That’s what drove the rest of the plot home for me from there. Twilight, over the course of the film, was gradually “turning into Tempest Shadow”; making the same mistakes she made. The real “punch” to the “Open Up Your Eyes” scene soon after that isn’t supposed to be Fizzlepop oozing her malevolence and power over Twilight, but Twilight realizing what she had been doing and how she was going down the same road she once went down. From that point on in the film, she starts to force herself to turn around in spite of being in the worst situation yet. In spite of the fact Fizzlepop still treats her cruelly and as a fool, she expresses her sympathy to her for what happened to her horn.

Yet the biggest movement happens several minutes later–when Twilight is given the chance to get her magic back and end the invasion of the Storm King if she’ll let Fizzlepop die.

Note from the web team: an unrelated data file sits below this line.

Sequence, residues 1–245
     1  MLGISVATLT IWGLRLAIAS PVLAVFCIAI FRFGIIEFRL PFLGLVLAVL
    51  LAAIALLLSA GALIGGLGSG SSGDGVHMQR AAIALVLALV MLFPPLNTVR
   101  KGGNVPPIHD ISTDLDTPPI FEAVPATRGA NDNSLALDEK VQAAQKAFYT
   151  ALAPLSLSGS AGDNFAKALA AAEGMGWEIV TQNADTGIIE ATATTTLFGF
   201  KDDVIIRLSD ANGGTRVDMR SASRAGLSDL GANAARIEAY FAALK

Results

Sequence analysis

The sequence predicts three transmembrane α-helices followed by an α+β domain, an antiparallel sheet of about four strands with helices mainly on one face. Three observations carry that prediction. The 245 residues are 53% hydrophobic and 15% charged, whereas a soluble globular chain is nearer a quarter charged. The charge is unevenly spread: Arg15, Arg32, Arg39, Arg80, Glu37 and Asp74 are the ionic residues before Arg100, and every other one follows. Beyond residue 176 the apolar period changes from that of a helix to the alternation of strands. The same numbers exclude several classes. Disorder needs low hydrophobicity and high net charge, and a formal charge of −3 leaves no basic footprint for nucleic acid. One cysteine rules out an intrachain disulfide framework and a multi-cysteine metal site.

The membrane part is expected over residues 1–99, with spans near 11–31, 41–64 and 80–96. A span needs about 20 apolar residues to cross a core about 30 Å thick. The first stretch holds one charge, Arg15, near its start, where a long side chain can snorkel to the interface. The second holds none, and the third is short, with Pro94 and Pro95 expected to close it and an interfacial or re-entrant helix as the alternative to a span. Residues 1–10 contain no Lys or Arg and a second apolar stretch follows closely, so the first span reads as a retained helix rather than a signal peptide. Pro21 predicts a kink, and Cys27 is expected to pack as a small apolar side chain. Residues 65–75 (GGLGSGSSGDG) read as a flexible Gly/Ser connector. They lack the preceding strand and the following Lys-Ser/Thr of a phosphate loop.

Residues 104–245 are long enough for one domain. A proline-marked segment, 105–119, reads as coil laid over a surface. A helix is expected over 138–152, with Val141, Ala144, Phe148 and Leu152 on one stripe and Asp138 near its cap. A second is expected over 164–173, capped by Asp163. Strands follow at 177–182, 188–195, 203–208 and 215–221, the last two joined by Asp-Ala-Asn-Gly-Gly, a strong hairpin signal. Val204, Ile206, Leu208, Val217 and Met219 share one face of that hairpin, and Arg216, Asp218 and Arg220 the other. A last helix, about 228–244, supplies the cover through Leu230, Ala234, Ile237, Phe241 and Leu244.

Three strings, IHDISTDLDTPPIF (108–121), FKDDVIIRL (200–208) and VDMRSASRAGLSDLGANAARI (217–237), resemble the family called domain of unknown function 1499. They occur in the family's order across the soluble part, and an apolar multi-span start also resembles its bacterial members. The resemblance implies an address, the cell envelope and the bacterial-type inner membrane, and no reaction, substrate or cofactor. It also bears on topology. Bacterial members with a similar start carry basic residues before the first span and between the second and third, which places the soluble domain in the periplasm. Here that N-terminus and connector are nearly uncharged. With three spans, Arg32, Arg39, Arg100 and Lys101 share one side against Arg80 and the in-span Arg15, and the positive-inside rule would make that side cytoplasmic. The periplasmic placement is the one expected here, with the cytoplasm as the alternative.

In all honesty, it’s somewhat a condensed version of Season Four, and in particular an alternate version of “Twilight’s Kingdom”. In that one, Twilight had her “virtue” put to the test when Discord betrayed the Mane Six to help Tirek. In terms of the drama, it’s a bit weaker since the rest of the girls making friends had to be emphasized, and because the Storm King, in all honesty, is a subpar villain in terms of raw malevolence to Tirek. Yet nevertheless it still does a bit better in terms of who is redeemed. In Discord’s case, it was a sign of Twilight’s virtue that she was willing to forgive someone who honestly didn’t deserve it and who knew he didn’t deserve it. In this one…even after everything that happened and as cold and ruthless as she was, Twilight honestly felt pity for Fizzlepop–that she “deserved a true friend”. In “Twilight’s Kingdom”, you felt good for Twilight for making that choice in the end. In “My Little Pony: The Movie”, you feel good for Twilight for making that choice and a bit good for Fizzlepop for getting that act of compassion. So even though it’s a bit over old territory, like most plotlines that MLP:FIM uses that are from the old cartoon playbook, they manage to put their own little spin on it.